The coronavirus pandemic has not only triggered a huge surge in companies using digital and data techniques it has also created a big divide between the haves and have nots, with many businesses thriving, while others have seen a major collapse in work.
So says the new State of Digital study from digital trade body BIMA, which quizzed digital agencies and their clients over the effects of Covid-19 on their operations and found that while some were suffering, others were managing well.
For instance, while more than a quarter (27%) of agencies have or expect to make redundancies, just under half (44%) are recruiting. When it comes to revenues, agencies are split equally down the middle, with just over two-fifths (41%) expecting to hit their revenue targets, but exactly the same proportion (41%) also expecting revenues to drop by up to 25%; some 18% anticipate a revenue drop of more than 50%.
When it comes to clients, nearly two-fifths (38%) have seen sales reduced by more than 75%, yet 26% have seen them rise. Nearly half (49%) of clients also expect redundancies but there is deep uncertainty about how many jobs will go.
But while the impact on revenues at client organisations has been mixed, just under half (44%) have slashed marketing and digital budgets by more than 50%. Even so, three times more clients would pick an agency that could show a return on investment than one which was 10% cheaper.
BIMA Digital Leaders’ Network chair Laurence Parkes, who is also founder and chief executive of Rufus Leonard, said: “One factor that appears to distinguish those managing the current situation best is scale. Bigger organisations clearly have a greater security buffer – but this study shows small and mid-sized agencies and clients are feeling particularly exposed right now.”
The report also looked at how agencies and clients could better manage the uncertainty and insecurity together, a valid point considering that a separate report by new business agency Alchemis found that the crisis had strengthened client-agency relationships.
Parkes added: “Communication between client and partner is more important than ever. We’re seeing huge amounts of strategic change happening in both agencies and with clients and that means clients need fewer but better external partners to help them with fundamental business-driving activities (like performance marketing) and a few focused strategic projects.”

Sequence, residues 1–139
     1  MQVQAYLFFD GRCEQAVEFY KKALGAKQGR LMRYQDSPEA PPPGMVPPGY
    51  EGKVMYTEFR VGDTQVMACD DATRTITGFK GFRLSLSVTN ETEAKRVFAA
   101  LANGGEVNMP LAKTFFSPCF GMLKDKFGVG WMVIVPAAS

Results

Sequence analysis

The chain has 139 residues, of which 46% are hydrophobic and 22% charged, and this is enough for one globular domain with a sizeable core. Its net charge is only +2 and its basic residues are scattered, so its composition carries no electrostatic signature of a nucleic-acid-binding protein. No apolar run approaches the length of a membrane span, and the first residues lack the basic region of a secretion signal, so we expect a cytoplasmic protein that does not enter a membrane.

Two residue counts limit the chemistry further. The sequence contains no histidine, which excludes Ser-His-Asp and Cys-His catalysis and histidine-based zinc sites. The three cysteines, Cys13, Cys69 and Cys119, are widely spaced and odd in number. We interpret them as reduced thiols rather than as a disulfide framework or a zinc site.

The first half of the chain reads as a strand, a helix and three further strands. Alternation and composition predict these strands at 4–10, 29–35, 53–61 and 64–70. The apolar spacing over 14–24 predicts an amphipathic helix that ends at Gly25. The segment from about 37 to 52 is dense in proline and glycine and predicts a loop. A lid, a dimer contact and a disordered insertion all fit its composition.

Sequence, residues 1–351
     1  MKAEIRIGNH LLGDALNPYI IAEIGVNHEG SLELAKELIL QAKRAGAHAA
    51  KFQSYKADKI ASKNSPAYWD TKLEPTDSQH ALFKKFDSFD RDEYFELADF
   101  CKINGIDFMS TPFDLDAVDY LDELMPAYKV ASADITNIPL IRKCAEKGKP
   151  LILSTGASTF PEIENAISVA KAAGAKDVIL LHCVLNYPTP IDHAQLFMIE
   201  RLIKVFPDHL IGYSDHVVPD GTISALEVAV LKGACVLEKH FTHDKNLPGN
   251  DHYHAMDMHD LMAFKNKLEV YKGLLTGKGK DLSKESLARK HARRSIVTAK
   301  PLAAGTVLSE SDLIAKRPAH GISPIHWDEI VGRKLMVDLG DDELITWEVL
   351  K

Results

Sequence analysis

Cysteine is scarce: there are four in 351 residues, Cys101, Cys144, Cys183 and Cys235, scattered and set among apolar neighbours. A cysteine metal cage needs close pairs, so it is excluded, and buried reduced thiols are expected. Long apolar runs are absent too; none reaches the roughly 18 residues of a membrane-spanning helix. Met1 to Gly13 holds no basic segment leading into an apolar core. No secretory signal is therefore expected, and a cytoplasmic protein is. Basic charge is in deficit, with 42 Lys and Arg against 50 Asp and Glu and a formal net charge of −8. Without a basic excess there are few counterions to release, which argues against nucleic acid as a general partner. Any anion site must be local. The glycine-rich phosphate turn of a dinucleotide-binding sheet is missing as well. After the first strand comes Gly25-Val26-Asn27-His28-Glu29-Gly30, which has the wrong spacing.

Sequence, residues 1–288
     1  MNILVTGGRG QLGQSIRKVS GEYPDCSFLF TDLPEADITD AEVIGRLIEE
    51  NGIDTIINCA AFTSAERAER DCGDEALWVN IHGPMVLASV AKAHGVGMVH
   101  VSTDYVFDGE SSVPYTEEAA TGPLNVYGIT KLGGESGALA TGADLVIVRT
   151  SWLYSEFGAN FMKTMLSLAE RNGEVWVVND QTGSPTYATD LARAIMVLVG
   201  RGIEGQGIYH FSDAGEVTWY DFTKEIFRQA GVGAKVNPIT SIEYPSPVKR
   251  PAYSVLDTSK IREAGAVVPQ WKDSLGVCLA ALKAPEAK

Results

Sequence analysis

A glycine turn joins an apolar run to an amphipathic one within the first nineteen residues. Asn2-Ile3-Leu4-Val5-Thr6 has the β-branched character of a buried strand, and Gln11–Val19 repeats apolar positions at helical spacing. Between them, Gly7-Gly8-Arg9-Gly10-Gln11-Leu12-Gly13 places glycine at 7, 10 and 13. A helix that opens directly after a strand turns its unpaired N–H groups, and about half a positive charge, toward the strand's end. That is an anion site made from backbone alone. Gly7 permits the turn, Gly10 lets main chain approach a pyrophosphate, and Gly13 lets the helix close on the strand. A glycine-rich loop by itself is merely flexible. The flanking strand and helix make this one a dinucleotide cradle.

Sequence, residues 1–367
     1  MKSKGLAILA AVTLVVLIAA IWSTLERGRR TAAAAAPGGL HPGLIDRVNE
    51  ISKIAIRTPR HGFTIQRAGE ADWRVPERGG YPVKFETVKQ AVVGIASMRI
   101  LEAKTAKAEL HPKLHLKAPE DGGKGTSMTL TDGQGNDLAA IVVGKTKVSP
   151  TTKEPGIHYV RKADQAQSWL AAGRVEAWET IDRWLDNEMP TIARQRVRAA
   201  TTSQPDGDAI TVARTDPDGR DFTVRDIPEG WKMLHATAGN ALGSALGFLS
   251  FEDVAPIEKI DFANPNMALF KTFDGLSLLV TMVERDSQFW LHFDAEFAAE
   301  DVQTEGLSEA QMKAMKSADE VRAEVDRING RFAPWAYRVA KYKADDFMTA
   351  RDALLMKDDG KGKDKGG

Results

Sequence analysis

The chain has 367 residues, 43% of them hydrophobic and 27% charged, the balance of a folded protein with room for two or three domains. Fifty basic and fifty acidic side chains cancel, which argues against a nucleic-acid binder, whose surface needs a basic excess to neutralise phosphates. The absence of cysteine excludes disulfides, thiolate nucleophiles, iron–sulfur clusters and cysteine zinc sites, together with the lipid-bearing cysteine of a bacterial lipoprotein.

He went on to highlight what he believes agencies could do to win business: “Helpful agency partners should focus on ROI rather than low prices. They should show they understand client cultural challenges and help ease them. And they should be a safe pair of hands, delivering exactly what the client needs.
“For clients, they should look for genuine partners, not suppliers, because they need an agency that cares about delivering results, and cares about understanding the business.”
Natalie Gross is the former CEO of Amaze, who is now vice-president of brand and marketing EMEA at EPAM Systems and BIMA co-chair. She commented: “This report highlights a real need on agency and client sides to forge something new, something built on genuine partnership that helps all parties deal with uncertainty and strategic change.
“At the same time, it shows that agencies need to manage their own cultural shift, meeting the challenge of more homeworking to ensure they can continue to enable teams to innovate and individuals to excel. At BIMA, we need to help that process by helping the industry look forward and reboot.”
As part of that support, BIMA has announced four Peer Network Groups, covering digital leaders, HR, new business and client services/project management. Each new network will comprise experts in their respective fields, who will meet regularly to explore key issues, find solutions and issue advice and guidance.
Gross explained: “BIMA has always been a community of communities. At a time when many of our members need fresh thinking and new ideas to help keep them afloat, our new networks are going to be an invaluable source of support.”
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